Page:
Originally Posted by cyccommute
Subtle. First you imply that because the press release is old, it can be ignored and then you imply that those eggheads at some fancy college where they only got book larnin' should'a knowd all this stuff to begin with 'cause it was knowd a hunert years ago..
I don't see where I implied anything about the study being ignored because it was done 15 years ago (not old by my standards). But yes, they didn't discover as much as confirm prior knowledge. As a side note, you'll find that far from disagreeing with them, I consistently recommend the use of larger sprockets (as I've done long before the study), so there's no disagreement.
But it's easy to use the study to jump from solid ground into quickstand if you're not careful. They studied the efficiency
or power loss
in chain drives under lab conditions, using new chains. That's very different than studying how to maximize chain life
in the real world. Nor did they study the effects of wear on efficiency.
So, while the study was interesting, it wasn't relevant to the major concern of most riders, which is getting the most bang for their buck out of their hardware. Lubrication comes at a cost in efficiency because lubricants introduce an added source of drag. This is especially true with chains because of the large flat areas between the plates which have virtually zero friction when running aligned and dry, but act like wet clutches when oiled. However lubrication's purpose on chains isn't to improve new efficiency, it's to improve chain life. Standard practice in the machinery world, even for fully enclosed chains is to have the chain continuously and positively oiled. The reason is that chain life is important and warrants some loss in initial efficiency.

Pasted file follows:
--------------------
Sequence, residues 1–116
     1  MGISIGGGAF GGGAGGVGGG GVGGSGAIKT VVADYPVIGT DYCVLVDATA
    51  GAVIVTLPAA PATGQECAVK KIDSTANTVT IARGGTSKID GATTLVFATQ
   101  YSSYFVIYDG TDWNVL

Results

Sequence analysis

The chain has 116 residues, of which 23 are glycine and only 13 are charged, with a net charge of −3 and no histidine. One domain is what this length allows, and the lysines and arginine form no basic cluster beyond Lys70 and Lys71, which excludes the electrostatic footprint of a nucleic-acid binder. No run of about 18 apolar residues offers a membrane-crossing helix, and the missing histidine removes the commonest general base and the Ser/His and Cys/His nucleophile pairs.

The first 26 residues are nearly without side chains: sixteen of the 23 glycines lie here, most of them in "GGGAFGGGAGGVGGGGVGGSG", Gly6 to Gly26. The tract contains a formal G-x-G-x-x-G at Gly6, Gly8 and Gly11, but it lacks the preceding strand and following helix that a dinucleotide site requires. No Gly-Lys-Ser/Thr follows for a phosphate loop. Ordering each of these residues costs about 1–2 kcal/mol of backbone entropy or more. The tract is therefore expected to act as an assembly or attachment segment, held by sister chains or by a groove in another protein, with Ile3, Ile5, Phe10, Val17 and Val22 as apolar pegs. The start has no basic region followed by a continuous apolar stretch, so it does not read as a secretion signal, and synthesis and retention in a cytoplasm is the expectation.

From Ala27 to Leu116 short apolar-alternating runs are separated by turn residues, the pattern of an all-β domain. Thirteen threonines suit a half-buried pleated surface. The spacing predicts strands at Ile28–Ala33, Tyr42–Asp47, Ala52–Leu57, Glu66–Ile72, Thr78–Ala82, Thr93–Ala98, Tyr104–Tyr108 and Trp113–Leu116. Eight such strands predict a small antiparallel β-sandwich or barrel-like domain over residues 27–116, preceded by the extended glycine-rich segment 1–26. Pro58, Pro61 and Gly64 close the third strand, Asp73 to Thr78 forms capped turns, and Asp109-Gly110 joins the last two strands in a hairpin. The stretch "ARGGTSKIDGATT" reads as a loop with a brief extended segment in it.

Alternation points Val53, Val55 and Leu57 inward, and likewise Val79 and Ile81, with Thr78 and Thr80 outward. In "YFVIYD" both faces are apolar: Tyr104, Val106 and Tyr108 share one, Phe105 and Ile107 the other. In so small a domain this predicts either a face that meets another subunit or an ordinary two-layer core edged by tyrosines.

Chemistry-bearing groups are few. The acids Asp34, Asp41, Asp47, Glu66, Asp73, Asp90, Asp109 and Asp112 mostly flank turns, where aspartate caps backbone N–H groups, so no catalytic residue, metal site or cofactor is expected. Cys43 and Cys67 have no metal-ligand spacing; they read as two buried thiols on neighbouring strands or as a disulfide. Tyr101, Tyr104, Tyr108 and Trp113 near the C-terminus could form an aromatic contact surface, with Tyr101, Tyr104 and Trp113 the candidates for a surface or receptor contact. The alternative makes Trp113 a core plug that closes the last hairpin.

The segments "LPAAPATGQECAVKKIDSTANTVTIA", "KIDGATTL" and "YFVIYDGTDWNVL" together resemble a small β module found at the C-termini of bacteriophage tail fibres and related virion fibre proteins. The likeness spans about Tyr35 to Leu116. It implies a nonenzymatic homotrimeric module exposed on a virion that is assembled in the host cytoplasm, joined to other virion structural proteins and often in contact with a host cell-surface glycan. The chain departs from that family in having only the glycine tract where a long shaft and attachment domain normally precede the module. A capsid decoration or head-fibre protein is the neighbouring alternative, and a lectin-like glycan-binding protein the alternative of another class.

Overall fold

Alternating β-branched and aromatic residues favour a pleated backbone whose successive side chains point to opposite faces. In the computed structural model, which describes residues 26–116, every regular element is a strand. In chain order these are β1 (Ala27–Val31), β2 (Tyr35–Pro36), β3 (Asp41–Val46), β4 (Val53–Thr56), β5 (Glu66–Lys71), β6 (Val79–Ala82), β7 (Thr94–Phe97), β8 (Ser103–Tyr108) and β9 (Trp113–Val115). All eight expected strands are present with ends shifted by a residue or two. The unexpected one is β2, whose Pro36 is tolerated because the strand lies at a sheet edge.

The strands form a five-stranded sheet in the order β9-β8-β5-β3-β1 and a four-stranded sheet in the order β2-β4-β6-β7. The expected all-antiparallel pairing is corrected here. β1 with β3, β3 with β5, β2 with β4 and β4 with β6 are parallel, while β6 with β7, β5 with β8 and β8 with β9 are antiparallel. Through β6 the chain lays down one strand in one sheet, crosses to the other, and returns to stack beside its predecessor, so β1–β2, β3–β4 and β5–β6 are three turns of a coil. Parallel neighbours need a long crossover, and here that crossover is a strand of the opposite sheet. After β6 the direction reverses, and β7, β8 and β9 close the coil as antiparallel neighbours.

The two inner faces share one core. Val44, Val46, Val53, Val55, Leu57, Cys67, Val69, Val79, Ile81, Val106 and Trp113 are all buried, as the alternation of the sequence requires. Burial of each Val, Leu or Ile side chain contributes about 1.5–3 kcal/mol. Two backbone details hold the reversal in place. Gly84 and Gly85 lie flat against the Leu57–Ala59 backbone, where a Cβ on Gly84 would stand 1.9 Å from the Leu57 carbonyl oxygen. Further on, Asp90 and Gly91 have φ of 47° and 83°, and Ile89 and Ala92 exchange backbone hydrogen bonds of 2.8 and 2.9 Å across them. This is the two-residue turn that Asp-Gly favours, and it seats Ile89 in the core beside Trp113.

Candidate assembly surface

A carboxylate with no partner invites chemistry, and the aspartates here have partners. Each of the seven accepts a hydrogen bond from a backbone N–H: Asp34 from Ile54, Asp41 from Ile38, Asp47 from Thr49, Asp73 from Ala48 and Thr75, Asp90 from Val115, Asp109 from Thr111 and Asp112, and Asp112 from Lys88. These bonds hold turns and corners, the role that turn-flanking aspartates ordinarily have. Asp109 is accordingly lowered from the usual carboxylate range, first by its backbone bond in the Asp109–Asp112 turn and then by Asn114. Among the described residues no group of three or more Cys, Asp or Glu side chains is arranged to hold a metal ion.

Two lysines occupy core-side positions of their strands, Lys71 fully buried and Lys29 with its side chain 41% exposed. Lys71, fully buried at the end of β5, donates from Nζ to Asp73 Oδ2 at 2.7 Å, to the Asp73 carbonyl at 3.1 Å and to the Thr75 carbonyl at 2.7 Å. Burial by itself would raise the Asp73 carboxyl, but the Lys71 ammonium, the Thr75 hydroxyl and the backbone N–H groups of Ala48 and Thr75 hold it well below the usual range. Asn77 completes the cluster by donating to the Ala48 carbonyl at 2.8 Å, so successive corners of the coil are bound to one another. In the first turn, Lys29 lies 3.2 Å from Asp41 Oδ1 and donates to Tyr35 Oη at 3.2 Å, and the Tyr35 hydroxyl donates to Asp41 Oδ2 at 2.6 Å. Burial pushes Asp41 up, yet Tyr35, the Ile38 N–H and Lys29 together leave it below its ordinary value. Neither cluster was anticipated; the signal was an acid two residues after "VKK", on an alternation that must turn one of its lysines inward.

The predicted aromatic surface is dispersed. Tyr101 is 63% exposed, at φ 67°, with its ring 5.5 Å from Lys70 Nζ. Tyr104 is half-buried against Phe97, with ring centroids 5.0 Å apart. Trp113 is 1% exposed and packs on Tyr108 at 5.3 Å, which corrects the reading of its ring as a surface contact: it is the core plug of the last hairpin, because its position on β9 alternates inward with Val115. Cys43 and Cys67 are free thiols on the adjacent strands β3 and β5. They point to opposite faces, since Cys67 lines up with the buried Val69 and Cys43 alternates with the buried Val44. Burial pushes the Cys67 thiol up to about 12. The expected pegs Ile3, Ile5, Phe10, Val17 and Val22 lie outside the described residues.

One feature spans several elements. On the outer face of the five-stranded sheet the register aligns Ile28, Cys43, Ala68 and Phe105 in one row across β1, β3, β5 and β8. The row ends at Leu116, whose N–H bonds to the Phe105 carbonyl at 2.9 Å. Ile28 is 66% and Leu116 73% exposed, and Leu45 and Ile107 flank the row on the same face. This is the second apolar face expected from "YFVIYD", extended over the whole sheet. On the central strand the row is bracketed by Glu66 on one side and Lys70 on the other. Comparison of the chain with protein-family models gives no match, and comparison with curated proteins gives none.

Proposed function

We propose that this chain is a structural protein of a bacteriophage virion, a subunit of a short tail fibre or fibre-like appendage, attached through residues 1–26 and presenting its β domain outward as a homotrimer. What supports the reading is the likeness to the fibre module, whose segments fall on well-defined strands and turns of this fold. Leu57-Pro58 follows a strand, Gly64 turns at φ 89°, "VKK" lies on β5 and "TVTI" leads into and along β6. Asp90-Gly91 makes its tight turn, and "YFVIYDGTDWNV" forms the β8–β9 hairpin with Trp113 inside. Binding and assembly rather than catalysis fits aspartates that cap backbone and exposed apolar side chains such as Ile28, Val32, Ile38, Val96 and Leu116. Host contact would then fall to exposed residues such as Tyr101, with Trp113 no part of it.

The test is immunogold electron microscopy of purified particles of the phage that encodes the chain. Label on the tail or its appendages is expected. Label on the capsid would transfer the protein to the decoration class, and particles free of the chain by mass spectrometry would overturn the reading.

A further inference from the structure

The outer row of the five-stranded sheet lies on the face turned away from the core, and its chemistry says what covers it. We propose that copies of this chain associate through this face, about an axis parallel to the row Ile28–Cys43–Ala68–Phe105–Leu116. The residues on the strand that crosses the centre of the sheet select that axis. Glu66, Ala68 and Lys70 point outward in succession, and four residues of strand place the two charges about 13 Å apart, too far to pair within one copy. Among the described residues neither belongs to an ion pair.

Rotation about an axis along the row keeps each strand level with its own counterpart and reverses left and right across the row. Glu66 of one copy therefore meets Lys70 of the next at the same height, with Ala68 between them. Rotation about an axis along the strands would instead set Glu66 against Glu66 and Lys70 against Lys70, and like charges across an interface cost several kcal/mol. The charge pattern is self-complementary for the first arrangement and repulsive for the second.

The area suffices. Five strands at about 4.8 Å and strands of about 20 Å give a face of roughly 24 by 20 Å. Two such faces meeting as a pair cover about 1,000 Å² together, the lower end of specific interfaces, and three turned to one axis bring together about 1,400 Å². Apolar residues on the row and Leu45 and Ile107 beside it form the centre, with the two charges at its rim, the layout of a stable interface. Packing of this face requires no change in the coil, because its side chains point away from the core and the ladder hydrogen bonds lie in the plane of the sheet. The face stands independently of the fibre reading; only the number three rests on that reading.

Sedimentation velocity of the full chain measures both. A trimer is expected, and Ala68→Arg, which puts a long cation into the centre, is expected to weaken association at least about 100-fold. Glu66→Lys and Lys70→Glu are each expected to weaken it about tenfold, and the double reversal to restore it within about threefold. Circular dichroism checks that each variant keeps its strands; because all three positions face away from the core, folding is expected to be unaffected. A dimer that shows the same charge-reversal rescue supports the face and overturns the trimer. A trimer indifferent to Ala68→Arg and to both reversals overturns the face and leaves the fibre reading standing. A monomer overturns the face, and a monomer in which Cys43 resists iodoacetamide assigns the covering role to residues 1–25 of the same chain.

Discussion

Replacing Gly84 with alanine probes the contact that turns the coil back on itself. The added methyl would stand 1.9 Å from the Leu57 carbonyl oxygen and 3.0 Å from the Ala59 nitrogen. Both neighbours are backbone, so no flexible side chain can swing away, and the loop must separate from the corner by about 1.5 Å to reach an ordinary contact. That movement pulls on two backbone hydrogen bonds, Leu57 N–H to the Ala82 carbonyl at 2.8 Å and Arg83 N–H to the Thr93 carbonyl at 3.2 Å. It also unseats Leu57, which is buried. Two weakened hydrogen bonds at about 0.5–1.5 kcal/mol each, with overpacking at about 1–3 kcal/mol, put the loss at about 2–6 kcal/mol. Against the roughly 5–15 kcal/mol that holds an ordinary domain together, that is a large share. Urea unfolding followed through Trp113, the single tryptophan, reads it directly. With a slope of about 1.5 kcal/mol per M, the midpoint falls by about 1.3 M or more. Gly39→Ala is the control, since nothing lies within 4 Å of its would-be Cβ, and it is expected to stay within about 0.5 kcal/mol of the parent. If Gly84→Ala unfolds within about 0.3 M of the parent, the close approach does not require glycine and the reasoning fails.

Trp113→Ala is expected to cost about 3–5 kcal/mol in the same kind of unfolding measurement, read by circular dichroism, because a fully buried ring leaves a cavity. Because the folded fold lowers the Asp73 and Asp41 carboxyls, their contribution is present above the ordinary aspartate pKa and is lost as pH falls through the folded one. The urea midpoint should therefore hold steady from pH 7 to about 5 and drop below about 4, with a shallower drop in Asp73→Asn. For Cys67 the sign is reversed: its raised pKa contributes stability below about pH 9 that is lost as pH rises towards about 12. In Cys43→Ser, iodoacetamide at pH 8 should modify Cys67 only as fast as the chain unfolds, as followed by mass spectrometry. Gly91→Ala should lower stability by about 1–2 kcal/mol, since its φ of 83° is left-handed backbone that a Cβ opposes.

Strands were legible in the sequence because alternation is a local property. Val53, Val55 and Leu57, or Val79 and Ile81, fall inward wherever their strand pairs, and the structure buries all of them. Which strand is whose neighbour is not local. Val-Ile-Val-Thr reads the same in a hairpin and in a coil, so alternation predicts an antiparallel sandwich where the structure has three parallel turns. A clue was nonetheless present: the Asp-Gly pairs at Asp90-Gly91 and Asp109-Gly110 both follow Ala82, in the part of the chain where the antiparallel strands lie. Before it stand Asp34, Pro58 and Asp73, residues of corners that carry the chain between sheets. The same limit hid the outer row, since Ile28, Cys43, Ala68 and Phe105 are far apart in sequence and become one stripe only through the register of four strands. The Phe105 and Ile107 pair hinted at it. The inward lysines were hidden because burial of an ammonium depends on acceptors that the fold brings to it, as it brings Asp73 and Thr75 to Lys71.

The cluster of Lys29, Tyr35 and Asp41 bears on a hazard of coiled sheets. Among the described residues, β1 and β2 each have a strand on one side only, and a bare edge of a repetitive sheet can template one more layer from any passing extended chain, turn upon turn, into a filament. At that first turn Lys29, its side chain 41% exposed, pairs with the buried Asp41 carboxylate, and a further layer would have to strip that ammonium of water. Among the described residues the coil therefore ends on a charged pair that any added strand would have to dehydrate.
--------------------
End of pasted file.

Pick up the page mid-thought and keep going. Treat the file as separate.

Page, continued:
So, for those who feel that lubes serve only to keep the elements from getting into your chains, I suggest an experiment you can do at home. Take a new chain, wash it in napatha, doing multiple rinses, to ensure it's clean and dry inside. Mount it on your bike, and do some hard training on a home trainer (no water or dirt) and pound some serious hard miles. Remove the chain and set aside, and repeat with a lubed chain (your choice). Ride the same distance, then compare chains, and draw your own conclusions.
As I say time and again, there are many ways to lubricate a chain, so pick whatever you prefer and go with it. If you want minimum power loss (for a while) run your chain dry.
As far as this thread is concerned, let's call it a case of reasonable people disagreeing, and end it there. Feel free to continue debating, but I have nothing more to add, and readers of this thread are free to draw their own conclusions.